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Motionless In White - Scoring The End Of The World review


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Band: Motionless In White
Album: Scoring The End Of The World
Release date: June 2022

01. Meltdown
02. Sign Of Life
03. Werewolf
04. Porcelain
05. Slaughterhouse [feat. Bryan Garris]
06. Masterpiece
07. Cause Of Death
08. We Become The Night
09. Burned At Both Ends II
10. B.F.B.T.G.: Corpse Nation
11. Cyberhex [feat. Lindsay Schoolcraft]
12. Red, White & Boom [feat. Caleb Shomo]
13. Scoring The End Of The World [feat. Mick Gordon]

"Say, that wasn’t half bad! You're right! It was all bad!"

I know what you’re thinking, Omne you crazy fool, are you a glutton for punishment? Volunteering yourself to listen to a Motionless In White album in 2022? Ah, well there is a reason for my madness (just ask my doctor), but mostly, it was because back when I was a wee lad delving deeper into my journey into metal, I became a big fan of The Defiled, who, in a Venn diagram of music, have a lot in common with Motionless In White. Wanting to hear what modern industrial gothic metalcore (just rolls off the tongue) sounds like nowadays, I decided to give Scoring The End Of The World an appraisal and see if the style still holds up today.

That, perhaps, is the biggest caveat here; I am listening to this as someone who long passed through their gateway phase and has delved deep into the deepest, darkest niches to find new sounds and styles that populate the metal landscape. If you’re someone who has yet to fall deeper into the world of metal, then your experience of this record will undoubtedly be a lot more positive than mine was. Perhaps it's because I am already neck deep in metal, having dived into the deep end of the genre years ago and the introductory gateway that all metalheads walk through when they begin their journey is faraway in the distance when I look back (ah, such heedy innocent days), but much of the material here sounds like the modern spin on an old recipe. True, that’s what modern music is, but there is little spark or twist to make tracks like “Masterpiece” or “Burned At Both Ends II” stand out and want to grab your attention, while songs like “Cyberhex” just pass by with nary to remember.

The biggest problem is that there is little here that makes you want to scream out and sing along with it; “Werewolf” seems built for those big moments during one of the band’s shows, but the chorus doesn’t pop like you would expect it to, leaving you with a bland piece of white bread where the cherry on top should sit. “Red, White & Boom” does fit this mould well and gives you a song to bop and sing along to, but it doesn’t sound unique, and feels like something you will have heard plenty of times before: not bad, but not something that has you losing yourself in the music either.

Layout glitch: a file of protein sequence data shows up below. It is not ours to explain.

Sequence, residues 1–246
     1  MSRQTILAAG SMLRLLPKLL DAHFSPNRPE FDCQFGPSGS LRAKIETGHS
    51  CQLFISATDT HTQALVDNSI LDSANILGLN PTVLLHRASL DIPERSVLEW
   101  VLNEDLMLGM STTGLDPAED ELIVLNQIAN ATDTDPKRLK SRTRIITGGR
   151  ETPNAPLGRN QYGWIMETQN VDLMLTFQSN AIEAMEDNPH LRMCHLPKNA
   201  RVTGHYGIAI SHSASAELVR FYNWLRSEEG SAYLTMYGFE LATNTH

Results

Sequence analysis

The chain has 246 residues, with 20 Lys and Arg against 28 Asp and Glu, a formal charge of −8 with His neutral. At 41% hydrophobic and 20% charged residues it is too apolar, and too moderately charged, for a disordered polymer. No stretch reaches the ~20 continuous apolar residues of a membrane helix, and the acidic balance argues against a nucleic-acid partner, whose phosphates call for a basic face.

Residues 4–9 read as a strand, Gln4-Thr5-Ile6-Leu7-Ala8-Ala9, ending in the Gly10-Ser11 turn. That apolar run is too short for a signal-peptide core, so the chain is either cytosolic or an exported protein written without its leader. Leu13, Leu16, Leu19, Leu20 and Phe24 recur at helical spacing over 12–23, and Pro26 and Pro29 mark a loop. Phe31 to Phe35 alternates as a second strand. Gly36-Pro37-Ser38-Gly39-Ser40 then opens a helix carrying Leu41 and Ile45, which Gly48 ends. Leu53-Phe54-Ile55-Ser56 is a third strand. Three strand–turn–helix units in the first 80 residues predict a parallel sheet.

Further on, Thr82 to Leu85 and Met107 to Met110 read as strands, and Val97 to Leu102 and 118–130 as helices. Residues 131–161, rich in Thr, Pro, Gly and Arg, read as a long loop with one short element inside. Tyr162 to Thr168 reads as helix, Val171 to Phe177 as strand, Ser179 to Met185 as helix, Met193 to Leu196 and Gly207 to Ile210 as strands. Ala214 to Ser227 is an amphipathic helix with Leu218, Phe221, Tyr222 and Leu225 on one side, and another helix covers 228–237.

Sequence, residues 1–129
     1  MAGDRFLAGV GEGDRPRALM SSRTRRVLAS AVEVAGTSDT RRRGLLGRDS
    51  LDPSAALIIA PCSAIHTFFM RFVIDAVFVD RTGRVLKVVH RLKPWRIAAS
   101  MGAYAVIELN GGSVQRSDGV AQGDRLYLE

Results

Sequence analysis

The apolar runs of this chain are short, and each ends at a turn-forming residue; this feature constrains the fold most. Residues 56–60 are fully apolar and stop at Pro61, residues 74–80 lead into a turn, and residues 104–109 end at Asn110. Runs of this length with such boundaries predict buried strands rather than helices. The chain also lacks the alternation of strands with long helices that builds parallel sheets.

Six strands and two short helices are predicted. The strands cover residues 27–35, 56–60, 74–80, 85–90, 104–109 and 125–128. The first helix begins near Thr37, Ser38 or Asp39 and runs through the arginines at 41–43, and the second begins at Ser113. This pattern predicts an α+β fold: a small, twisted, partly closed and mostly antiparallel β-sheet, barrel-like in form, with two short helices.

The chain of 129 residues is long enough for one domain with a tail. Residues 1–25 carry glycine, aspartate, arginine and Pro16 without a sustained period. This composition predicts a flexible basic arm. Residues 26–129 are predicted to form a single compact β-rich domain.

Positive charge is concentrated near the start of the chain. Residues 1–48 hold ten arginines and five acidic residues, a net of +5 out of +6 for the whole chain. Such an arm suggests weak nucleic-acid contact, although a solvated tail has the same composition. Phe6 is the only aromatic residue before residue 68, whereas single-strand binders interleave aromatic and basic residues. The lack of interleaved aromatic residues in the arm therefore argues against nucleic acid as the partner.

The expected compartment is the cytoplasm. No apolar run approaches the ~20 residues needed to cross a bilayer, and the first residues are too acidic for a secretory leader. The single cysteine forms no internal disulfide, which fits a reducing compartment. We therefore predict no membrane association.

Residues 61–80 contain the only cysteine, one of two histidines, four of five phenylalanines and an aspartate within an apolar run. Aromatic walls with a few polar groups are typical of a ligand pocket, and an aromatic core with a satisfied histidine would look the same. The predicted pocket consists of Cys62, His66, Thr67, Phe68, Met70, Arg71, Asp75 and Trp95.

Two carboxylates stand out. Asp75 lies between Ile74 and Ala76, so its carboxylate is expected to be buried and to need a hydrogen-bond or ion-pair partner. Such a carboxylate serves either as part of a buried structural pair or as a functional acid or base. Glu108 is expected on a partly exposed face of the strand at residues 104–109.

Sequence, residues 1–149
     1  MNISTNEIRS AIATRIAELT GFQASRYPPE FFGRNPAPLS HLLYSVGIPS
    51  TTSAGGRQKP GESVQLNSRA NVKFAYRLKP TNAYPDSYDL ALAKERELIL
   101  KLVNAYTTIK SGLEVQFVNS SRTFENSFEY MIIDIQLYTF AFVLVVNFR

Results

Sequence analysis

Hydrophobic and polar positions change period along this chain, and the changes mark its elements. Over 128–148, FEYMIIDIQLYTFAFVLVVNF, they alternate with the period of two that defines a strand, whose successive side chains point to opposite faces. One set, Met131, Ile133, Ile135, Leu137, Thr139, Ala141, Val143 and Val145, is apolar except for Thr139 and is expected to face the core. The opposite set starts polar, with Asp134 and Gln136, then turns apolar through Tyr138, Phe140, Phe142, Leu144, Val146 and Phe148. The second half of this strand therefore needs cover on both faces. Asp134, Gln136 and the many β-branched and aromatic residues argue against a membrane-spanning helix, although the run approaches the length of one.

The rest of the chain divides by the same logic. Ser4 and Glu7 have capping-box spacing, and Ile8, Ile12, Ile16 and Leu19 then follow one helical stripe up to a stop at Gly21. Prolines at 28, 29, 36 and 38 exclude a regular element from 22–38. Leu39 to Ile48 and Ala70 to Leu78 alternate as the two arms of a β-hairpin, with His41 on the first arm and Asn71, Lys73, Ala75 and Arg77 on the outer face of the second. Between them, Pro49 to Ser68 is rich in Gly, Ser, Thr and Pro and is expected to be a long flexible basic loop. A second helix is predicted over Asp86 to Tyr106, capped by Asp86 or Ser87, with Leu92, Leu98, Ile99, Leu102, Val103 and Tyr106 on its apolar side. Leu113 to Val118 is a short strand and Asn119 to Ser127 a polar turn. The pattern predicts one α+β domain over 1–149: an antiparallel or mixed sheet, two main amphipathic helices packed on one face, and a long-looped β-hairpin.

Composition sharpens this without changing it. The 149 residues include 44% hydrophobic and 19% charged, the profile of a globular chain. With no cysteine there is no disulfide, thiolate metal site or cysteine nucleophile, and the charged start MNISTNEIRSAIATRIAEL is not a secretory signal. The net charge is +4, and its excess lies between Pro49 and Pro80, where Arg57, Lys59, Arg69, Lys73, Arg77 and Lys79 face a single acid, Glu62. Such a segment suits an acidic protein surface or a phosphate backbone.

I will hand it to the band; between Motionless’ lead vocals and the backing vocals from Sola and Olsen, Motionless In White have well-sung tracks such as “Cause Of Death” and “Porcelain”. While the musicianship may be generic and unadventerous, there are flourishes here and there that do give the band that extra level of identity that stops them falling into the trap of becoming another identikit modern metalcore band. The little keyboard and synth parts scattered across songs like “We Become The Night” and “B.F.B.T.G.: Corpse Nation” do add to the songs and ensure the band don’t sound like another Wage War.

What did catch me off guard was that between the songs that sound like Addams family-level horror, was that the band would tackle some deeper topics every so often, with opener “Meltdown” starting off on a global warming theme before “We Become The Night” does address the state of the modern world. Yes, they do sound like the generic soft protest song, but they did show me the band are more than just a schtick horror gimmick band.

This album did confirm to me one thing, namely that I have become what every one time fears: I have gone from the fun-loving type to the cynical and grouchy Statler and Waldorf adult. While Motionless In White were unlikely to be my cup of tea, I didn’t find myself finding a soft spot to them thanks to their similarities to The Defiled. Scoring The End Of The World is unlikely to hit the spot of anyone searching for nostalgia, but will likely go down well for those starting their journey into the genre of metal and well; while I may not enjoy it, hopefully there will be some that do, who later delve deeper into the genre overall and there is another metalhead in the world.

Rating breakdown
Performance: 6
Songwriting: 5
Originality: 4
Production: 8

Written on 19.06.2022 by Just because I don't care doesn't mean I'm not listening.

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